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Zimbabwe/Zambia electricty debt

Zimbabwe/Zambia electricty debt

http://www.thezimbabwean.co.uk

19.02.13

by Rebecca Moyo

ZESA Holdings says the creation of a sinking fund with a local bank would 
enable Zimbabwe clear its US$70,8 million debt owed to Zambia after the 
creation of a sinking fund with a local bank.

Giving an update on operations before the Parliamentary Committee of State 
Enterprises and Parastatals today, Zesa chief executive Engineer Joshua 
Chifamba said

Chifamba said Zesa had made progress on the old debt owed to its northern 
neighbours clearing the way for work on the Batoka electricity project to 
begin.

“Zesa has paid US$20 million after the creation of a sinking fund with a 
local bank and should have paid an additional US$20 million by the end of 
March this year,” he said.

“The amount should be cleared by the end of March next year with work on the 
project expected to begin within 18 months as expressions of interest had 
been advertised,” he said.

Batoka is situated 50kms downstream of Victoria Falls and would provide 800 
MW of hydro power generation capacity for each of the two countries (1 600MW 
for both).

Zambia said they would not partner Zimbabwe until the asset debt accrued 
during the Federation-era was cleared. The principal amount owing was 
US$70,8 million but there was also an interest charge of US$115 million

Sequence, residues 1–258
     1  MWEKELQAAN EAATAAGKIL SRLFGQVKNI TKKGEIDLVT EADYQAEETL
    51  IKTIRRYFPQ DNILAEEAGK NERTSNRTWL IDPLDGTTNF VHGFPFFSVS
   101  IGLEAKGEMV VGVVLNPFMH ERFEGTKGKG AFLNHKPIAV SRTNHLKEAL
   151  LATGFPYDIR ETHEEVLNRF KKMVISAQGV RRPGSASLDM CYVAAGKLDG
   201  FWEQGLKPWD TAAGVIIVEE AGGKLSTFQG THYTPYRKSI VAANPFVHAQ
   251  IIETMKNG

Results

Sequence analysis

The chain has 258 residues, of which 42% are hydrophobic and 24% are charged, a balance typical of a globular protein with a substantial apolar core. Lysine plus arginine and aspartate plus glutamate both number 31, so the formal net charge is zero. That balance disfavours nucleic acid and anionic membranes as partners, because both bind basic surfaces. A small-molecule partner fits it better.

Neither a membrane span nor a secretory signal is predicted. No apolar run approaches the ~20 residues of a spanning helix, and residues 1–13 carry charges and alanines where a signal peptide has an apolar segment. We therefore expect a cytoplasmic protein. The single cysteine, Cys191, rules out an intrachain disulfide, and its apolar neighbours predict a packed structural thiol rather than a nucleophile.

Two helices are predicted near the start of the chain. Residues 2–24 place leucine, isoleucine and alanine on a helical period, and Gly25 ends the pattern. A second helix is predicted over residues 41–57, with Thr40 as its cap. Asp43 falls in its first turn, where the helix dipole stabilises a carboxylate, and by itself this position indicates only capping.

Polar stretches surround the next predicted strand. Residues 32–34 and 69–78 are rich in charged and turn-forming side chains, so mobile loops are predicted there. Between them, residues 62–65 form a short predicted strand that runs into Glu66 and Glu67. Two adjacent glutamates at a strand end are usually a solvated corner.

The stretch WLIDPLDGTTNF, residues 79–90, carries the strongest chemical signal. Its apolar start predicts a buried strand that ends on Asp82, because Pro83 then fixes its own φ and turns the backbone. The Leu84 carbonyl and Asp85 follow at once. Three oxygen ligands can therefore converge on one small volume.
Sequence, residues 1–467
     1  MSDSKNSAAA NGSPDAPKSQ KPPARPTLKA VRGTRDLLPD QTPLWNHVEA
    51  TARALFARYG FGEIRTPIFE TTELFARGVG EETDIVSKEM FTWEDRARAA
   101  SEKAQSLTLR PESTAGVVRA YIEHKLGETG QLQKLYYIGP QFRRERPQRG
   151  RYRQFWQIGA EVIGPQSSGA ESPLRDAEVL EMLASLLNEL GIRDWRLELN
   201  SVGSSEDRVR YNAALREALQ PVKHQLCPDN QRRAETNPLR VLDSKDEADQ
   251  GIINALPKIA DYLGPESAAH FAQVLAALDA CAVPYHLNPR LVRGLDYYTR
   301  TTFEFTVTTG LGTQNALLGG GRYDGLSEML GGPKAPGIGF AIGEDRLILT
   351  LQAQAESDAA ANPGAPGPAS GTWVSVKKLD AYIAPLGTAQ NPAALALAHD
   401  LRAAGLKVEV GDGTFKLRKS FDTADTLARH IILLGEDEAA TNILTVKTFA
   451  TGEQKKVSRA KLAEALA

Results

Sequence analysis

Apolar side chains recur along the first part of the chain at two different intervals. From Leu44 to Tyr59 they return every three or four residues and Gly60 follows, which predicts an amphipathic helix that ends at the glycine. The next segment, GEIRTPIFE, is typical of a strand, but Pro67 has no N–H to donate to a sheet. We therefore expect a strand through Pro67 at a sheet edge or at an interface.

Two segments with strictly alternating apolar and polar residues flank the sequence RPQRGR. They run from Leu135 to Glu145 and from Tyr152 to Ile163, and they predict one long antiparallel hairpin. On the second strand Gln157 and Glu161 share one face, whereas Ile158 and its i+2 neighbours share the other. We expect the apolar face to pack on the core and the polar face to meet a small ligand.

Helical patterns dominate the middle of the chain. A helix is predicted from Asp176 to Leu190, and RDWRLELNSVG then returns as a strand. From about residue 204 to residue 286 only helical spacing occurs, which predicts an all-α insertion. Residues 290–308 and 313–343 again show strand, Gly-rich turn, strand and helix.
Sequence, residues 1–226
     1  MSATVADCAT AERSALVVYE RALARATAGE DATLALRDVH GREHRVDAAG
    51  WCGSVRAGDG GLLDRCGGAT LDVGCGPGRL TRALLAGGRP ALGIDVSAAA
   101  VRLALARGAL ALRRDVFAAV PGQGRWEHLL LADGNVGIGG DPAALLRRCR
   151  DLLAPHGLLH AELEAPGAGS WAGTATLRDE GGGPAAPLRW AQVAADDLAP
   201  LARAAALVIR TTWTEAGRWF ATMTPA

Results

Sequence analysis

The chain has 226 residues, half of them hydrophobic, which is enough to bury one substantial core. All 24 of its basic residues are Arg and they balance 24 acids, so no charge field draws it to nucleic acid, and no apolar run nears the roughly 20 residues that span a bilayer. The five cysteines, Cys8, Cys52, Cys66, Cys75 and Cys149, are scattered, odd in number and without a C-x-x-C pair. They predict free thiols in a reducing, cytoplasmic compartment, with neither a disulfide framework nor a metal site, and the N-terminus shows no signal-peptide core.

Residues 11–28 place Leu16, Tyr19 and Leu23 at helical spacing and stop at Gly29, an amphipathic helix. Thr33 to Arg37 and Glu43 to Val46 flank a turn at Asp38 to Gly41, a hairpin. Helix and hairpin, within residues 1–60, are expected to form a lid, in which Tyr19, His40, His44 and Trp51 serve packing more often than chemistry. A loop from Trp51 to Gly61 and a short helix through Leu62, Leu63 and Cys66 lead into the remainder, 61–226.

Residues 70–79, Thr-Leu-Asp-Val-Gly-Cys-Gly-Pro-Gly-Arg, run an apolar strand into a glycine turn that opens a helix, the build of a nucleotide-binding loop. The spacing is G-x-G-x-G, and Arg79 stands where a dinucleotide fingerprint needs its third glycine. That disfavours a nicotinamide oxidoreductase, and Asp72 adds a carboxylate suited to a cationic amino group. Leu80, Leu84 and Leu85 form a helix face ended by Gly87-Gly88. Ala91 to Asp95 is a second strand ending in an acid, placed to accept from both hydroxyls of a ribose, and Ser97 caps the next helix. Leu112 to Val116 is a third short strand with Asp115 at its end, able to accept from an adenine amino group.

which has been accruing since dissolution. Interest is being charged at 5,2 
million per annum.

The debt also includes proceeds of the sale of assets belonging to former 
Central African Power Corporation disbanded in 1987, where Zimbabwe 
reportedly benefited more. CAPCO was running the Kariba power project for 
the two countries during Federation of Rhodesia and Nyasaland era.

He said the amount owed to Zesa Holdings by customers has ballooned to 
US$730 million since dollarisation of the economy in 2009. Chifamba said. 
huge corporates were the biggest debtors, accounting for nearly a third of 
the amount.

“The money we are owed has risen to US$730 million and of the total amount, 
domestic consumers owe us US$261 million,” said Chifamba. “This puts us in a 
very tight position (in terms of viability).”

Zesa embarked on a rollout programme of prepaid meters last year in a bid to 
improve revenue inflows, but this is moving at a much slower pace than 
anticipated due to funding problems. By last month, Zesa had installed only 
55 000 prepaid meters in domestic premises countrywide since August last 
year against a target of 600 000 households. 

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